Equipment Review No. 2   January 2003

HeadRoom Maxed Out Home Headphone Amplifier
SRP: $1149

Specs:
amp type: Bi-Polar
input impedance: 100,000 ohms
maximum gain: 6.0v
output power 30 ohms: 250
output power 300 ohms: 250
THD, 10mw, 30 ohms: .0014
crosstalk, 10mw, 30 or 300 ohms: 95 dB
output stage biasing: A/B
output impedance: .0150
output voltage at clipping: 12.7v
output power, 100 ohms: 325
THD, 10mw, 30 ohms: .00260
THD, 10mw, 300 ohms: .00087
crosstalk, 10mw, 100 ohms: 94 dB
dimensions: 12” L x 6 3/4” W x 2 3/8” H
weight: 5.6 lbs.
5-Year warranty
HeadRoom Corporation
521 East Peach Street
Bozeman, MT 59715
800-828-8184
info@headphone.com
www.headphone.com
Intro

HeadRoom is the specialist outlet in the world for headphones, headphone amps, portable carry cases for them, and every imaginable accessory connected with headphones. Their catalog and website present a dizzying array of products both of their own design and from leading manufacturers of headphones as well as other makers of headphone amps. All of their own models are hand-built in Bozeman. The listing of dedicated headphone amps is arranged from their most basic entry-level model at $119 to their no-holds-barred esoteric BlockHead amp with enhanced stepped attenuators, at $3888.

The various iterations of the Maxed Out Home model are nearer the high end of the list. Between it and BlockHead is the just plain Max, which has a more expensive power supply, better matching of components, and fancier machined front and back panels that increase the cost to the $1600 area. The general idea is that the Maxed Out Home represents a good balance between price and performance.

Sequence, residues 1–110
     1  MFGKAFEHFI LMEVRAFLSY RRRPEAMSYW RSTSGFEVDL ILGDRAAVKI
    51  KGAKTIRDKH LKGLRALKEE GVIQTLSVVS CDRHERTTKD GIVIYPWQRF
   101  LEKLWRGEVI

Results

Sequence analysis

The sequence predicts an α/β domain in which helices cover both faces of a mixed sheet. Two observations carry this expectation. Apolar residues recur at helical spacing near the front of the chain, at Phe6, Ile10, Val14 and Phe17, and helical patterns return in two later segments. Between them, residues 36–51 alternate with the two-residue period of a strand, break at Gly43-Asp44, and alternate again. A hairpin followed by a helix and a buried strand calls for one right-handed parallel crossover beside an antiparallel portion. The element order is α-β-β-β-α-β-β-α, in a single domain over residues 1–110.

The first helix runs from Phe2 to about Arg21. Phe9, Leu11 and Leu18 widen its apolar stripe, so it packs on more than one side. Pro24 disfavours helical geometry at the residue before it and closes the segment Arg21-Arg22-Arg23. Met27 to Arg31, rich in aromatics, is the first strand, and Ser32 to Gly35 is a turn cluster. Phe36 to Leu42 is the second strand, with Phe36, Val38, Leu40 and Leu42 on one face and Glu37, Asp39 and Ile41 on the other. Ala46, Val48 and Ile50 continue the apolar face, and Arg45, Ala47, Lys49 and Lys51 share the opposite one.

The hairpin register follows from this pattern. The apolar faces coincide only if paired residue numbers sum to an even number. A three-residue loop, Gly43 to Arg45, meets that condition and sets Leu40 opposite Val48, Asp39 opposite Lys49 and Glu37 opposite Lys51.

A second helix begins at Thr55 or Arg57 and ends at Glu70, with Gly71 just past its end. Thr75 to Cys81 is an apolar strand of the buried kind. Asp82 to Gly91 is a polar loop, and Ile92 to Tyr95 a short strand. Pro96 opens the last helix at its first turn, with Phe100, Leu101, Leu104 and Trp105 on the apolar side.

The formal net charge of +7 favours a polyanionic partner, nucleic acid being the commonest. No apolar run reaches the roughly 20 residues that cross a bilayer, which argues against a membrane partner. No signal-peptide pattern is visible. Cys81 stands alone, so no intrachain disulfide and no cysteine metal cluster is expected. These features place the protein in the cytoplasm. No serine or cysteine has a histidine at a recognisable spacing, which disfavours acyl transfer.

Ins & Outs

The Maxed Outs are available with two different input/output configurations. The model at hand has two sets of L/R input jacks (selectable with a rear-panel switch), but you could also get one with just a single input jack set and the other two jacks become a L/R Loop Out - so that the Maxed Out can be inserted into an existing system between the tape-out of the preamp and the record-in of a DAT/Minidisc/CD or DVD recorder.

The Maxed Out comes with HeadRoom’s Reference Electronics Module as standard equipment - more on that in a moment. In addition, a higher performance stepped attenuator upgrade is available at additional cost, as with the super-high-end BlockHead amp. The unit’s heavy-duty case is finished in an anodized extruded aluminum in black. It would look great sitting on top of a CD or DVD player or a preamp as long as it is cool running. The rear panel sports, from left to right: the detachable AC power cord socket, the on/off switch, a fuse, a mini-toggle switch to lift the ground to minimize 60 Hz hum (I needed this “float” option - bad hum in the off position), the Input 1 and Input 2 jackets with another mini-toggle switch located between them to select either one, and lastly the L/R Output Jacks. The RCA jacks are more heavy duty than those on the back of most reasonably-priced home theater preamps and receivers; you won’t ever have to worry about pulling off the entire shielding portion of the jack if you have snug-fitting audiophile cables. The power supply uses a Talima toroidal mains transformer and + /- 15v DC series pass regulator type design, using Linear Tech high-speed, low-noise regulators.